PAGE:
Creative Writing

  • God seems to have given us all the gift of time, to be present  and aware of the world around us, to take in the words and long conversations of others, to silently open our eyes to the creation we live in and are part of, and maybe even fall into the mystery of God with us in this beautiful mess we call life.

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  • The squealing, talking, racing and sometimes crying are the noises that the kids bring each week to All Souls Kids Ministry. There are noises and emotions and wondering. And in the middle of all that energy there is worship. I know that God is smiling down on his children as they gather to play, learn and sing together.

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  • Shalom has its own significant meaning; a complete rest, one without wanting, emptiness, a peace with nothing left undone. Shalom gives wholeness – it’s as if to say to the passerby, “I wish the peace of God upon you that makes you whole.” It is an extraordinary thing that the peace of God, found in Sabbath rest, can be so renewing and restoring to our weariness and brokenness. Even more, Sabbath Shalom gives us the kind of peace that allows God to meet us and do the kind of work in and through us that He so desires.

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  • Lord in your mercy,

    Hear our prayer.

    God, we are your people and we are not all the same. Some among us cheered while others wept this week. And here we are together as one church. One Lord, one faith, one baptism. Teach us, God, how to love one another.

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  • But what if instead of beating myself up, in repentance I am gentle with myself? What if I know and receive God’s forgiveness and unending mercy? What if I rest in the reality that I am dearly loved? What if that reality sinks deep into my bones? Maybe tomorrow I will carry even just a little more gentleness than I did today.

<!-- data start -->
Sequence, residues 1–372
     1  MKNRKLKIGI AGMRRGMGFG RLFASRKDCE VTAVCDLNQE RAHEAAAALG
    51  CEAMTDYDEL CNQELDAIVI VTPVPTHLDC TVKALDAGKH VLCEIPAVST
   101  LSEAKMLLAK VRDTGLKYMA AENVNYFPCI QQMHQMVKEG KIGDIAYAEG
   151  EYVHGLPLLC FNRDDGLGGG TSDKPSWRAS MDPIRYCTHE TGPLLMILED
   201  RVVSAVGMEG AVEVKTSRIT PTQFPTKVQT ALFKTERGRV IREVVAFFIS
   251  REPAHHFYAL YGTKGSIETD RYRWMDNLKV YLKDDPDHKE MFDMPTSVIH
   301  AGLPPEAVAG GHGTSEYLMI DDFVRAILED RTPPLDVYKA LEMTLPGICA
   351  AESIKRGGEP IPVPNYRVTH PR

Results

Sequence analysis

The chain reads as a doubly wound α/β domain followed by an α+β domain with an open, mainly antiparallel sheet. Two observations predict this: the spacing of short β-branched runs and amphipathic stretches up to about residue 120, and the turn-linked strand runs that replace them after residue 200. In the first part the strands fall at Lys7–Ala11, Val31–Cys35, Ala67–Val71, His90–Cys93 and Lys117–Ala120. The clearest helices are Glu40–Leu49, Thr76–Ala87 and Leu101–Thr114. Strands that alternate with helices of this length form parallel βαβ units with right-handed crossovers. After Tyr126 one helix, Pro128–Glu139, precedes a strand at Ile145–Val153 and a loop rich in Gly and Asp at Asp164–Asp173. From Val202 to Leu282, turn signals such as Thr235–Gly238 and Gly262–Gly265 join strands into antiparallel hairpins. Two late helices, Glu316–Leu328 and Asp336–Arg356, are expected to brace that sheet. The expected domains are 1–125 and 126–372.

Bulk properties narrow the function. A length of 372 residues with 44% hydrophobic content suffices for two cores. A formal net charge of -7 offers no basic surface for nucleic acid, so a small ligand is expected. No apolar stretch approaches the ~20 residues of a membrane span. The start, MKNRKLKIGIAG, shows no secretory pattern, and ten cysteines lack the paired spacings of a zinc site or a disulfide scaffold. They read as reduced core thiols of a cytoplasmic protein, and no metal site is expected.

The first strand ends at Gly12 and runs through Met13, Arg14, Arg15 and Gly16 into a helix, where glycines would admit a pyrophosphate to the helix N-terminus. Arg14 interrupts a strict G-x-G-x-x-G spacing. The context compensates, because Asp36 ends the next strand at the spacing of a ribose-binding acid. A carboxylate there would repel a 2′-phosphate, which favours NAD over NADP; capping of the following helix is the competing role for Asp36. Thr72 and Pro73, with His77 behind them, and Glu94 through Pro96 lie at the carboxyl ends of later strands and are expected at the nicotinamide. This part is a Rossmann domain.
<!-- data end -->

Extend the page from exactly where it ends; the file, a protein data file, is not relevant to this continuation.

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  • This is a story I want to have enough bravery to enter into. Not only to join these amazing visionaries we met, but also to join a God who touches lives uniquely and offers true hope and love. It was clear that God is moving in the communities we saw—with or without us. But there was also an invitation to join in, to see the messiness and ups and downs of change, to join in imagining a new story of redemption for communities and individuals.

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  • The seminarians I knew in college

    drank handfuls of wine on Maundy Thursday

    and quickly wiped all that spilled down their

    chins. They dirtied our floor with wash basins,

    sooty puddles, and the Yerushalmi dirt

    of our footprints:

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  • “It seemed like a great pursuit, but deep down I still doubted that knowing God would help me to know my true self. They seemed like two different journeys. God is God. And I’m just Will. Pursuing a knowledge of God, it seemed, would only help me understand what I’m not.”

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  • “These are old practices, old habits, and they ask things of me that most modern practices miss. They ask old things of me. Things like silence and listening and my full presence…”

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  • “There is no limit to the distractions that can fill our days, which fill our weeks, which become our years and our lives. At a funeral yesterday, strolling through the cemetery, I questioned my priorities…”

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